Category: Lanarkshire

Robert Stobo Jr: Phantom Ancestor

Robert Stobo Jr. is more a phantom ancestor than a brick wall. There does not seem to be a church record of his baptism and apparently he did not marry. He is thought to have died at sea in 1836, so there is no official death record either. Yet there are indications that he not only existed, but that he was a successful timber merchant in Upper Canada.  According to “The Stobo Family: Scarborough, 1824 –“ Robert Stobo Jr. was born in Lanarkshire, Scotland on 3 Feb. 1798, the fifth of the nine children of Robert Stobo (1764-1834 ) and Elizabeth Hamilton (c. 1763-1834).1 All the other children’s baptismal records have survived, but Robert’s is nowhere to be found.

The Stobo parents and several of their children, who were by then young adults, immigrated to Scarborough Township, Upper Canada in 1824.2 In subsequent years, many families from Lanarkshire followed them, but the Stobos led the way.3 Six years later, their oldest daughter, Elizabeth, her husband Robert Hamilton and their children stayed with the Stobo family for several months following their arrival in Scarborough.

Robert Jr. was mentioned in a letter that brother-in-law Robert Hamilton wrote to relatives in Scotland in 1830. Hamilton wrote, “Robert Stobo wished to inform his brother James that he has ? the iron plough that it is doing very well and will be of great use on the farm.”6 (James Stobo, Robert’s older brother, had remained in Scotland.) 

Scarborough Bluffs and Lake Ontario, jh photo

As early settlers, the Stobos were able to acquire a prime piece of real estate near the Scarborough Bluffs overlooking Lake Ontario. In 1826, Robert Stobo purchased two neighbouring lots near the water: Concession B Lot 22 and Concession C Lot 22. Robert Stobo purchased another lot from the government, Concession B Lot 21, in 1834.5 (It is not clear whether this was Robert senior or junior.)

Prior to the arrival of these Scottish settlers, Scarborough’s land had never been cleared, and its forests produced immense quantities of square timbers, shingles and firewood. The Stobo farm was near the water, facilitating transportation, and historian David Boyle wrote that Robert Stobo became a prominent timber merchant.7 Given that Robert Sr. was 60 years of age when he immigrated, it was likely the son who went into the timber business.

grave of Robert Sr. and Elizabeth Stobo, jh photo

Perhaps it was the timber business that sent Robert Jr. on a trip back to Scotland a few years later. According to a letter dated 9 March, 1836 from William McCowan in Lesmahagow, Lanarkshire to his nephew Robert McCowan in Scarborough, Robert Stobo Jr. was probably lost at sea. He wrote, “Your father had wrote 7 [letters] in which number there was one to him [Hugh Wilson] which was to have come with Stobbo, the fate of whom with ship and all in it has not been heard of.” 8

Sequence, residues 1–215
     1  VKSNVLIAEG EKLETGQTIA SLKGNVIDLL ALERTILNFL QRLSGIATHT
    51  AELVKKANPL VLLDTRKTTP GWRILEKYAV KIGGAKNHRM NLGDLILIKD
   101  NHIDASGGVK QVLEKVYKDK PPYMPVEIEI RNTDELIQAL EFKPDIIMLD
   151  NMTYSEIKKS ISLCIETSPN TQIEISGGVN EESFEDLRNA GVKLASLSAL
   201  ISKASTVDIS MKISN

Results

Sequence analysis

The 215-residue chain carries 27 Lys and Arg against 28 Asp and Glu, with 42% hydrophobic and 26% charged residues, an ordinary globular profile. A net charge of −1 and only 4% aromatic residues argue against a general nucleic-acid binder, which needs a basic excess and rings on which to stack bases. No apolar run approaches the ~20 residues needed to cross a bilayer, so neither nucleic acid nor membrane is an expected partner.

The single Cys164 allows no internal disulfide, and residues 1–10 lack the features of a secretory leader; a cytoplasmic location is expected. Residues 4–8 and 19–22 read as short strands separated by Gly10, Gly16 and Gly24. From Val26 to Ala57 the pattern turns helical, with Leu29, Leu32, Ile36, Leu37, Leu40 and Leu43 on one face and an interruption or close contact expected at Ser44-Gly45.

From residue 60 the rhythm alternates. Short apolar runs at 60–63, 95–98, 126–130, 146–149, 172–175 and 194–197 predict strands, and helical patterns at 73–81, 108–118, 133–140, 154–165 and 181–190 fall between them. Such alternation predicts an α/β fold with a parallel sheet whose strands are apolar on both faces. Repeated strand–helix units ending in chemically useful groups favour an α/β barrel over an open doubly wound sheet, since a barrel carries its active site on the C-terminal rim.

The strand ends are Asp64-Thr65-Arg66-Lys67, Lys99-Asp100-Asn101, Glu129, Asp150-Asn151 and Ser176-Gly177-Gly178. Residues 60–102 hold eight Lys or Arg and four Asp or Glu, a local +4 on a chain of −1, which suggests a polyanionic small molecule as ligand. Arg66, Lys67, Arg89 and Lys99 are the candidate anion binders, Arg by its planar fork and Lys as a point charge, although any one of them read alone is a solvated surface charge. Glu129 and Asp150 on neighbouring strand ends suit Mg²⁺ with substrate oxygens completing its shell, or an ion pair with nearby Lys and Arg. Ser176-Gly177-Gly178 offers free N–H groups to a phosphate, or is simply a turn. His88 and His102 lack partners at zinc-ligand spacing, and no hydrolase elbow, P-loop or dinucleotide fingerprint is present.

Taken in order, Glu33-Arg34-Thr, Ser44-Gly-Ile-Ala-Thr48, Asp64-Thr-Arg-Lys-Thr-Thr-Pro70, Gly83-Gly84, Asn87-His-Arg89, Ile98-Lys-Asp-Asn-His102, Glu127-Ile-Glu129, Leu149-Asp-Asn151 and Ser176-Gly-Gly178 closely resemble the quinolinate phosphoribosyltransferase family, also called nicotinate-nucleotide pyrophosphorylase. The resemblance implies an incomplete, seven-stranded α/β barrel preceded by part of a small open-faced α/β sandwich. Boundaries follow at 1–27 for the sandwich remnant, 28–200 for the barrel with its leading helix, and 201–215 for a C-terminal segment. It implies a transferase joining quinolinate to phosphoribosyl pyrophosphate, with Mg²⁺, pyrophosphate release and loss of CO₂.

The parents had both died prior to Robert Jr.’s disappearance. There was a terrible cholera outbreak in Scarborough Township in 18349 and it killed both Robert Sr. and wife within days of each other. He died on 12 Aug. 1834, age 70, and she followed on 15 Aug., age 71.10

Despite the loss of their parents and brother, John Stobo (1811-1889), Jean Stobo Glendinning (1807-1893) and Elizabeth Stobo Hamilton (1790-1853) remained in Scarborough and prospered on the rich farmland. The township remained primarily rural for more than a century and Isaac, son of John Stobo and Frances Chester, is said to have shot the township’s last black bear, in the winter of 1885, on the Scarborough Bluffs, Concession B Lot 210.11 For the most part, I’m proud of my Scarborough ancestors, but this was not a story I wanted to read.

See also:

For a map that shows the location of the Stobo properties, see

Janice Hamilton, “The Stobos of Lanarkshire,”, posted Jan. 12, 2017.

Janice Hamilton, “From Lesmahagow to Scarborough,”, posted Dec. 13, 2013, revised Dec. 27, 2016.

Janice Hamilton, “The Glendinnings of Scarborough,”, posted Dec. 16, 2016.

Notes and Sources:

When my husband and I visited Scarborough in the autumn of 2016, I wanted to get as close as possible to the area where the Stobos owned their land. The Stobos’ neighbour, Jonathan Gates, who settled in the area around 1815, owned Gates Tavern on the Kingston Road and there was a ravine between the properties known as Gates Gulley. We walked part of the way down to the lake on a public trail through the ravine, and we stopped at a small neighbourhood park to get a view of the bluffs. Later, we visited the archives of the Scarborough Historical Society, which houses a wealth of information about the community and its early residents.

  1. “The Stobo Family: Scarborough, 1824 –“ is a family tree manuscript transcribed by descendant Margaret Oke. It can be found in the Ontario Genealogical Society collection housed at the Toronto Reference Library.
  2. The Stobos had a reference letter from the minister of Stonehouse Parish Church, Lanarkshire that  introduced them to their new Presbyterian church community in Canada. Dated 1 Aug., 1824, the letter is transcribed in “The Stobo Family: Scarborough, 1824 –“.   
  3. Barbara Myrvold, The people of Scarborough: A History, Scarborough Public Library Board: 1997,